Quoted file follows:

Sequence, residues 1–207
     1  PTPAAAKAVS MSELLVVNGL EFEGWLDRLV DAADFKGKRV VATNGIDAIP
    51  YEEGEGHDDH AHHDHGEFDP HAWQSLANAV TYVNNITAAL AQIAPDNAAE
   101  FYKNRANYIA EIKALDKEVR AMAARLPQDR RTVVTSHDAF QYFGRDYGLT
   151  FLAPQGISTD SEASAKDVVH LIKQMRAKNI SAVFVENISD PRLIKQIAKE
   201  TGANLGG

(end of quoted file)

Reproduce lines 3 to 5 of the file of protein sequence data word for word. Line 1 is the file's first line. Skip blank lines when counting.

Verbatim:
    51  YEEGEGHDDH AHHDHGEFDP HAWQSLANAV TYVNNITAAL AQIAPDNAAE
   101  FYKNRANYIA EIKALDKEVR AMAARLPQDR RTVVTSHDAF QYFGRDYGLT
   151  FLAPQGISTD SEASAKDVVH LIKQMRAKNI SAVFVENISD PRLIKQIAKE